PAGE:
Early into his Manchester United tenure, Ole Gunnar Solskjær's willingness to hark back to the club's glory days under Sir Alex Ferguson became something of a running joke.
A late winner? “We're Manchester United, it's what we do.” A famous European victory? “We're Manchester United, it's what we do.” A slightly drizzly Tuesday? “We're Manchester United, it's what we… oh, hang on a moment. Sorry, what was the question?”
But Solskjær's outlook has changed. This Manchester United – his Manchester United – is very different from the successful sides of the past. They are 12th in the Premier League table after eight matches, have scored just nine goals, and trail leaders Liverpool by 15 points.
“We're not in the '90s now,” Solskjaer said, without a hint of irony, at the start of this month. “It's a different era, a different group that we're building. We know there are going to be ups and downs.”
Unfortunately, only the most optimistic of United fan can take heart from recent results and performances. The side may be young, but that is no excuse. Chelsea, for example, have blooded several academy graduates this season but are seven places and five points better off.
Solskjær is a problem, but he's not the club's biggest. United's issues are deep-rooted and have required surgery for some time. Yet they've been ignored time and time again.
Next weekend Liverpool visit Old Trafford. Jürgen Klopp's side are reigning European Champions and have won all eight of their Premier League matches this season. They are top of the pile, and by some distance.
For years United hunted down Liverpool: it was Ferguson's single-minded desire to knock the club off the “f*****g perch”, one which he achieved before retirement.
Yet in the seasons since, United have made countless mistakes. Meanwhile, Liverpool, after a couple of false starts, have flourished under the ownership of Fenway Sports Group and the management of Klopp.
The Merseyside club have not reinvented the wheel. But they have ensured it runs smoothly and efficiently. There is structure in the right areas of the club, no more so than recruitment.
Michael Edwards is Liverpool's sporting director and his data-driven ethos has been vital in transforming the Reds from top-four contenders to title challengers.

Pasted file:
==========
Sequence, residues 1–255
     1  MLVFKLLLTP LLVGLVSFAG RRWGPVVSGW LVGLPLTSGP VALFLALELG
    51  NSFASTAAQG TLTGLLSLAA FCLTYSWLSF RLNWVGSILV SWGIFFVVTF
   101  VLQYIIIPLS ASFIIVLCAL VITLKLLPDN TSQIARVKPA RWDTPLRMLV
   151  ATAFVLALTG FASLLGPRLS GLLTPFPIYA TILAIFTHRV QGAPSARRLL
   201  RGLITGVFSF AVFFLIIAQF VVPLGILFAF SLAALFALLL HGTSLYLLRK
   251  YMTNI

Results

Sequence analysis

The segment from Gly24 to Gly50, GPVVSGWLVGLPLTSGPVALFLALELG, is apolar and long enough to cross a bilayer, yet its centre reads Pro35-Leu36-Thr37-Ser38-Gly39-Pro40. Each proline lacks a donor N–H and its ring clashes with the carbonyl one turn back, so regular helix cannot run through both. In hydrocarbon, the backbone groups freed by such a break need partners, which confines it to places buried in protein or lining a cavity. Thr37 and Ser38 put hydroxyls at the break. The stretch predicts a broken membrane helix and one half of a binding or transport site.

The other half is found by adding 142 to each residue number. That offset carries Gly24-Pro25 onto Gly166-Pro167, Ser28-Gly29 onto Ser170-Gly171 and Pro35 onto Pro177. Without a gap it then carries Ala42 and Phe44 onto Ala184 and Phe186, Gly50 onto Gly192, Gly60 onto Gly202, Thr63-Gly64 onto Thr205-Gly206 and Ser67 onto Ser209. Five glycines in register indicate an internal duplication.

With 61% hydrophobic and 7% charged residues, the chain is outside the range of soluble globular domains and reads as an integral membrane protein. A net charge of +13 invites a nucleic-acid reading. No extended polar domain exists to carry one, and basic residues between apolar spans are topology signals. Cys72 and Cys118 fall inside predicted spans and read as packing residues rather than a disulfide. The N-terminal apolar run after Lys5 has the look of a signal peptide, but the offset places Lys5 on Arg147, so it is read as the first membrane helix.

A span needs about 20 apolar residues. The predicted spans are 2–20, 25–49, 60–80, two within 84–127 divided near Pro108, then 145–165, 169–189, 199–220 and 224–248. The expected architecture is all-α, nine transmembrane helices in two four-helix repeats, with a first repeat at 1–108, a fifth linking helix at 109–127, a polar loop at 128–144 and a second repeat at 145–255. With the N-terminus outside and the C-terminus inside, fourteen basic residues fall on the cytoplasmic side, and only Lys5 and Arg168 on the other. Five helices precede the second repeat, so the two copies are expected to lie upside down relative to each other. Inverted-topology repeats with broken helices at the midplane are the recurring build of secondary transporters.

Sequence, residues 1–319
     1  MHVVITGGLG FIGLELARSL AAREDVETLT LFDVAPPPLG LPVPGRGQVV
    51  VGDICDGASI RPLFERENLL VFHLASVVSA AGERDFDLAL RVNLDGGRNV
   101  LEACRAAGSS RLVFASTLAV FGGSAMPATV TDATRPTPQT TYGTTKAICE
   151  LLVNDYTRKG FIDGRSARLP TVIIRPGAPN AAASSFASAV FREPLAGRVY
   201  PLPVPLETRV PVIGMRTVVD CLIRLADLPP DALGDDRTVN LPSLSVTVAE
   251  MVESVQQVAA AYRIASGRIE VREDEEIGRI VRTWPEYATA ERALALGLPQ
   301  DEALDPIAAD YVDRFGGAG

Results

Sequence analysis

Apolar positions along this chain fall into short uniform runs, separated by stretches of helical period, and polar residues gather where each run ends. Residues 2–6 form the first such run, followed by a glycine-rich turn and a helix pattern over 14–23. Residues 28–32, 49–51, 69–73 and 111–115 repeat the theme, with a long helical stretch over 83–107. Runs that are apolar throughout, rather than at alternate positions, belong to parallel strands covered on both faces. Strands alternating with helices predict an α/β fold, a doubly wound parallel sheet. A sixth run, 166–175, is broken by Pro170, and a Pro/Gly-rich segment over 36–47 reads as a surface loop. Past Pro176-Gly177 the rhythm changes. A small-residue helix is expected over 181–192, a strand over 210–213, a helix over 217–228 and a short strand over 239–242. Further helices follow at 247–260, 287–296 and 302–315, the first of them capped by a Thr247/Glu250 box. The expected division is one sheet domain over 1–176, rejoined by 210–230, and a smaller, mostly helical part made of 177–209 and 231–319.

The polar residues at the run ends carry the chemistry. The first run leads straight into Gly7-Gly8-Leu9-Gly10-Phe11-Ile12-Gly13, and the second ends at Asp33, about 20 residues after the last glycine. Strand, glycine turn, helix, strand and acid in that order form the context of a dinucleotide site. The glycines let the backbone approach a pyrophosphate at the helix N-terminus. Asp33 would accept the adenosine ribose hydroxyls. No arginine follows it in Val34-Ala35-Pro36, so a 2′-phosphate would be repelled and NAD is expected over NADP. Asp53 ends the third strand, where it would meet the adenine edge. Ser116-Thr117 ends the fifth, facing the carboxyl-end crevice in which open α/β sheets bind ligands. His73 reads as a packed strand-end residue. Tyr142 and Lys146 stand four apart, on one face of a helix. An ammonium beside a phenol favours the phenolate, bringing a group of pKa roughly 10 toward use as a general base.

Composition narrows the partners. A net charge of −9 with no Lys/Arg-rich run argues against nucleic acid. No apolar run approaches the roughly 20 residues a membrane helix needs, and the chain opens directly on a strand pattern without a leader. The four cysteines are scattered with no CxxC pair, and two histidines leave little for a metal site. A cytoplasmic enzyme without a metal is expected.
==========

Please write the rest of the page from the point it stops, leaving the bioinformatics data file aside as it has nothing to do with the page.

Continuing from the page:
It was Edwards and his department who persuaded the Reds to sign Roberto Firmino and Sadio Mané. And, famously, Mohamed Salah wouldn't have arrived at Anfield were it not for the club's recruitment team pushing Klopp.
“The scouting department was really behind it, and wanted to do it even earlier so that nobody could jump in,” Klopp told The Liverpool Echo.
“We were sure he (Salah) could help us. Michael Edwards, [head of scouting and recruitment] Dave Fallows and [chief scout] Barry Hunter, were really in my ear and were on it: ‘Come on, come on, Mo Salah, he’s the solution.'”
Salah completed Liverpool's exalted front three in the summer of 2017. The trio collectively cost less than £100m.
There have been other great transfer market successes, too, including the £8million signing of Andrew Robertson from Hull City and the arrival of Georginio Wijnaldum from Newcastle United for £23million.
In contrast, United don't have a sporting director. Nor do they have a technical director, despite claims that one would be appointed in the summer. It didn't happen. Instead, CEO Ed Woodward has continued to play a major role in the club's recruitment despite a less-than-stellar track record.
It was under Woodward's watch that Romelu Lukaku.
United's ethos since Ferguson's retirement has been to throw money at their problems in the hope it solves them. It's a strategy that has failed miserably.
The club have also lurched from manager to manager since 2013 without any lateral thinking.
David Moyes was a defensively-minded coach. Louis van Gaal prioritised possession and team structure above all else. José Mourinho built sides to play on the counter. And Solskjær… well it's not exactly clear what the Norwegian is trying to do at this stage.
He hasn't been helped. United's squad was a hotchpotch of previous regimes when he took charge and he has at least cleared plenty of the deadwood from the squad.
The emphasis on signing talented British players with something to prove is also logical and a policy that should be continued – although the decision to part with £80million, all upfront, for Harry Maguire remains questionable.
It has the semblance of a vision, a plan. Something which United have lacked for too long. The problem is that it's still largely based on the whims of the man in charge of the team.
Until United bring in a sporting or technical director they will continue to lack clarity over their long-term ambitions. Joined-up thinking will remain in short supply and the most financially powerful club in England will continue to flounder.
Liverpool are the blueprint to follow: a unified vision implemented and followed by all those at the club. And if United don't sort themselves out, then the Reds may just return to that perch Ferguson worked all those years to knock them off.